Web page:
HUL’s Pepsodent named Colgate in a 2013 ad. Colgate went to court and actually lost the case!

The Courts don’t really care that a rival has been named. All it cares about is to see whether a rival has been disparaged.

Let’s apply that basis to Kesh King’s ad claim.

Emami’s Kesh King now says that their product is half the price, but twice as effective as that of HUL’s Indulekha.

There is no word or phrase that disparages Indulekha at all. This is simply the age-old trick we all learnt from Tenalirama/Birbal stories where the emperor asks Tenalirama/Birbal to make a piece of stick small without touching it. All they do is place a longer stick next to it – it then becomes a question of perspective 🙂

Kesh King simply spoke about itself as being cheaper than Indulekha by half (though it’s even cheaper, at ?170 for 100ml, compared to ?432 for 100ml of Indulekha) and double the effect.

The price, we can all see. It’s the MRP!

But ‘double the effect’? That’s hazy territory for all the brands, including Indulekha and Kesh King, because it depends on so many factors if at all it is true.

Clearly, a clever move by Kesh King, though HUL spokesperson has commented to a story in Financial Express yesterday that they have secured an interim injunction from the Kolkata High Court restraining Emami from airing that ad.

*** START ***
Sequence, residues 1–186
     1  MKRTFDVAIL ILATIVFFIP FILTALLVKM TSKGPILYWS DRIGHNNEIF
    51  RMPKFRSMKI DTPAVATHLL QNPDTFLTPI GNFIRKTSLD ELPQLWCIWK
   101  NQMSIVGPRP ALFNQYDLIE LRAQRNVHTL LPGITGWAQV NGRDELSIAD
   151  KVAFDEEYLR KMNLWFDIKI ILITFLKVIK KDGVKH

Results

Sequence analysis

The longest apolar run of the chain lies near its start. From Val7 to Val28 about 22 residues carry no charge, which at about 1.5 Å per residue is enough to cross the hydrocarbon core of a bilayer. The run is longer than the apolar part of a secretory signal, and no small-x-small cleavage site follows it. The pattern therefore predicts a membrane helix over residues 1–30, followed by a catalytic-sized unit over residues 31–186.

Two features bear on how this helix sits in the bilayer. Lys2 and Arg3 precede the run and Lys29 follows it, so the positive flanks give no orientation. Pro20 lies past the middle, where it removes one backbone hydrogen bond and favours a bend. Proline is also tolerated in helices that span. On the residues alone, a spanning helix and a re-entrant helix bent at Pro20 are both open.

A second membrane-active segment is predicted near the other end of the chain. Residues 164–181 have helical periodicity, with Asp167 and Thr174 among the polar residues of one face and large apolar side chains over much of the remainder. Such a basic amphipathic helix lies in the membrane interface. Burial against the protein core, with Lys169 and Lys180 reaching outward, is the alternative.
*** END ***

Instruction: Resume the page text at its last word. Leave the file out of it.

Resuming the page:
But the one chink in Emami’s armor is around price. Usually, anything ‘cheaper’ is associated with relatively poorer quality. That is bound to play in the minds of potential buyers and affect the Kesh King brand in the long run.

Now observe how HUL responded to Emami’s attack.

Usually, when another brand names and attacks, there’s not much that the attacked brand can do. If they name the attacker in turn, they would actually be giving attention to a rival, usually smaller. So a better approach is to not mention the rival (like they did) and instead focus on the product promise itself.

That’s precisely how Dove, Lux, Pears, and Santoor responded when Sebamed named them in its ads.

So, here was Indulekha’s multi-lingual and multi-edition ad response.

But there’s a nuance worth observing here and this is a very, very clever insight by HUL!

If you notice the Kesh King as closely, they are referring only to hair fall.

‘No.1 Hair Fall expert’… which sounds so wrong as a phrase 🙂 They use a Kantar World Panel data to make this claim.

And ‘2 times more effective than Indulekha in reducing hair fall’.

There is no mention of hair growth/regrowth anywhere in Kesh King’s ads!!

And what does Indulekha focus on? ‘It just doesn’t reduce hair fall. It grows new hair’.

And the caption below the logo? ‘Grows new hair’, almost as large as the logo itself 🙂

HUL seems to have consciously focused on establishing Indulekha’s ayurvedic credentials, quality of the product, and completely avoiding the battle turf laid out by Kesh King. Instead, it found a gap—a very valid one, at that!—that it could play on without any specific reference to Kesh King’s primarily price-based claim.